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Taiwanese Can Now Travel To The U.S. Without A Visa

This fall, the federal government changed its visa rules to include Taiwan in a list of 37 other countries that enjoy waived visa requirements. Now, Taiwanese families who split their time between the island and the United States can do so more often and with less expense. The move also prompts a discussion on how individuals with families in countries for which visas are still required can obtain a visa for their loved ones.

Taiwan visitors no longer need visas to visit U.S.

The federal government's decision to waive the visa requirement for Taiwanese visitors should not only help families see each other more frequently, it should also stimulate the tourist industry on the West Coast and other areas of the United States.

Before the government waived the visa requirement, potential Taiwanese visitors had to visit the U.S. Consulate in Taipei to assure officials that they would not stay in the United States indefinitely. If they were able to do so, they paid $164 to receive a visa. This process had to be completed every time someone from Taiwan wished to visit the U.S. to visit family, shop or go on vacation.

Now, Taiwanese will be able to stay in the U.S. for up to 90 days without having to obtain a visa. All they need to do is pay a nominal fee and fill out an online travel authorization form. To qualify for a visa waiver, countries must pose a low security threat to the United States and not be a major source of illegal immigration.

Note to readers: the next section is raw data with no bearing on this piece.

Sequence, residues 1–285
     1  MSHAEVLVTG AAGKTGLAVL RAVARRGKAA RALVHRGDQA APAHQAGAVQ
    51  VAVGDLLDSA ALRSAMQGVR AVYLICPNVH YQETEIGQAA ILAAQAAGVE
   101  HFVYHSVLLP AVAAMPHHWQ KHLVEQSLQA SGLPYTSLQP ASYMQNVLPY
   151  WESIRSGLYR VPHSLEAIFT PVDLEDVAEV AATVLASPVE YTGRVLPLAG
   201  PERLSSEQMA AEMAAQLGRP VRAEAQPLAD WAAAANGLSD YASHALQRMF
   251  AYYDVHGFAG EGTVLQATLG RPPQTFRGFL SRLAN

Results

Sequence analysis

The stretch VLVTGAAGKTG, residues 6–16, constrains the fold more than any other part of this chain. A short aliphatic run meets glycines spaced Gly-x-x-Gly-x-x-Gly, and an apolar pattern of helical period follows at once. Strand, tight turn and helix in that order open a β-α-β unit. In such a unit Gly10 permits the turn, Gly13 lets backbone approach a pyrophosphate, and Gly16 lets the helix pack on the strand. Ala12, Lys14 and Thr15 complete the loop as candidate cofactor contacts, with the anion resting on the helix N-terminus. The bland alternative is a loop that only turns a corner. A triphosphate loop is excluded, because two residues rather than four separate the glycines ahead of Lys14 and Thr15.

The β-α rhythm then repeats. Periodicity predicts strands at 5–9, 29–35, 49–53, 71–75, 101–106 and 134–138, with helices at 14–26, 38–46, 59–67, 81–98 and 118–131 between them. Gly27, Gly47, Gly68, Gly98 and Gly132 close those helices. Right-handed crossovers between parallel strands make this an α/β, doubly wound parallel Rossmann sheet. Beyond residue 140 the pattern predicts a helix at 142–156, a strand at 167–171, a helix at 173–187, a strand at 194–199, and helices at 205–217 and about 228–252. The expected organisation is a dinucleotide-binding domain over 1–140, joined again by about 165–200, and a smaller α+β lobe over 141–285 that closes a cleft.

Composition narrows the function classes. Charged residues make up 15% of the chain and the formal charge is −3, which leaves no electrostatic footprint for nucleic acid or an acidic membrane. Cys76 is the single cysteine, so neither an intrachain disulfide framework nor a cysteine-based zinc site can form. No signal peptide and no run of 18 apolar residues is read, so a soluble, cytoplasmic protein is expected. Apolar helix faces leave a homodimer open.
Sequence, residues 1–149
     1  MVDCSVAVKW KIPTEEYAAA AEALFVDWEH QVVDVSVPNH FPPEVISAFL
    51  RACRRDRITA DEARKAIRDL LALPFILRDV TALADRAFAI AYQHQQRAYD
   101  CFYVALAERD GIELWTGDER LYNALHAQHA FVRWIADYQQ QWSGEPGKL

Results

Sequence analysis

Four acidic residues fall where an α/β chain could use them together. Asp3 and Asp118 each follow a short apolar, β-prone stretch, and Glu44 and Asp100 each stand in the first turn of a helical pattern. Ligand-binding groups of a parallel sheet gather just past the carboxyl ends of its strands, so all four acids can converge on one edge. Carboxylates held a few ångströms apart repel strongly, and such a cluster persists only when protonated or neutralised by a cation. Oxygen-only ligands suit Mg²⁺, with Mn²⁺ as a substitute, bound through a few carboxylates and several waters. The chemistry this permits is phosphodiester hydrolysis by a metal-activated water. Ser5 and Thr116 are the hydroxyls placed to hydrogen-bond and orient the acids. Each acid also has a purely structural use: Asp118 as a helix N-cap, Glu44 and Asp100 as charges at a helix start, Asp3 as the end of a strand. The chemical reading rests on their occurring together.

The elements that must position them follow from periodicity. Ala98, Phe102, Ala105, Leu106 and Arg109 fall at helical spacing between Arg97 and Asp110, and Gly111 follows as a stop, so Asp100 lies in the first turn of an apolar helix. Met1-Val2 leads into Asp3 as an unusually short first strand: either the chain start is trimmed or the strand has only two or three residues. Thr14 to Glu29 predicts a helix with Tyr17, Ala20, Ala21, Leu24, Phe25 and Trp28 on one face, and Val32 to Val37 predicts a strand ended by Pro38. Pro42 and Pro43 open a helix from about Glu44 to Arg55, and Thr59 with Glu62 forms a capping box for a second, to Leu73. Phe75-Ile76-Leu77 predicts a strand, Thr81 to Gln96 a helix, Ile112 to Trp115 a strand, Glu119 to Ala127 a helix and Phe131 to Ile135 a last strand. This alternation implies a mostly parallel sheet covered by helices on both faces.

Procedure for those seeking family visas

The U.S. Citizenship and Immigration Services (USCIS) allow individuals living in the United States to petition the government to provide visas for their immediate family living abroad. The process is different for U.S. citizens, permanent residents, and refugees and asylees.

U.S. citizens with foreign-born family or fiancés who wish to move to the U.S. can petition the government to provide visas or green cards for these loved ones. U.S. citizens can ask the government to provide green cards for spouses, children, parents or siblings. They may also petition for a fiancé visa for a fiancé and his or her dependent children or for a K-3 or K-4 nonimmigrant visa for a spouse or children under age 21.

To apply for a green card for family members, U.S. citizens must file Form I-130 (Petition for Alien Relative), provide proof of U.S. citizenship, show documentation of their relationship with the loved ones, such as a marriage license or birth certificate, and provide proof of any name change, if applicable.

Permanent legal residents of the United States may also apply for their foreign-born family members to come to the U.S. as permanent residents, including spouses, unmarried children under the age of 21 and unmarried sons or daughters. Permanent legal residents must also file Form I-130, prove that they are legal, permanent residents, provide documentation of their relationship with the family member and provide proof of a name change, if applicable.

Lastly, refugees who have entered the U.S. in the past two years or individuals granted asylum by the U.S. within the past two years may also petition to have family members join them in the United States. Spouses and children who were unmarried and under age 21 when the refugee entered the country or the asylee was granted asylum may be eligible for refugee or asylee status. Refugees may file Form I-730 (Refugee/Asylee Relative Petition) for free.

To get help applying for a family visa, it is advisable to contact an experienced immigration attorney.

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